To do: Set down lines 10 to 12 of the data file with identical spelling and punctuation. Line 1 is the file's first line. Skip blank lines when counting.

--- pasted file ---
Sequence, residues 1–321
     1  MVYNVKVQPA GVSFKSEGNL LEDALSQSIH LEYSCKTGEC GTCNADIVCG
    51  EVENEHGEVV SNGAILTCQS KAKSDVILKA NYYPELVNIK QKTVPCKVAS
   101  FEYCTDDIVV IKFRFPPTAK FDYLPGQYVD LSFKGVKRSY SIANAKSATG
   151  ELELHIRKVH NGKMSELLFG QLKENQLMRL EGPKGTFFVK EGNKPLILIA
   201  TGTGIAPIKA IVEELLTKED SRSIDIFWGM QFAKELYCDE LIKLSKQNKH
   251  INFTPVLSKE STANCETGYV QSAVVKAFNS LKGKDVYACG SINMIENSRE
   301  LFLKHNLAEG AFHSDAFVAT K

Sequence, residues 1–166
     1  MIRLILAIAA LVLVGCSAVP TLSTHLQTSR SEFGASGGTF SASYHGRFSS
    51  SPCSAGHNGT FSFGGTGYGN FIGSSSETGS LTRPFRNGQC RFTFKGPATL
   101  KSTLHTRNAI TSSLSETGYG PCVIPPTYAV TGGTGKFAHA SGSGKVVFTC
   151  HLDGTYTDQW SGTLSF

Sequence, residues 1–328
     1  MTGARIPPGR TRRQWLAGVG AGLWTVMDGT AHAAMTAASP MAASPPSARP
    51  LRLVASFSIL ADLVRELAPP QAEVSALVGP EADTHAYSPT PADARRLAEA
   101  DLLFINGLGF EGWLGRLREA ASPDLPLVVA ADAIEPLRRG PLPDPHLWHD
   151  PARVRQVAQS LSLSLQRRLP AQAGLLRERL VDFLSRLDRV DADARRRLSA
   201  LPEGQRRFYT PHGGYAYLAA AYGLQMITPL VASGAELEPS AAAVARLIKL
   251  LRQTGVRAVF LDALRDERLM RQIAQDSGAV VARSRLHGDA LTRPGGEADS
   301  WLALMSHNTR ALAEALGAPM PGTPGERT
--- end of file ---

     1  MIRLILAIAA LVLVGCSAVP TLSTHLQTSR SEFGASGGTF SASYHGRFSS
    51  SPCSAGHNGT FSFGGTGYGN FIGSSSETGS LTRPFRNGQC RFTFKGPATL
   101  KSTLHTRNAI TSSLSETGYG PCVIPPTYAV TGGTGKFAHA SGSGKVVFTC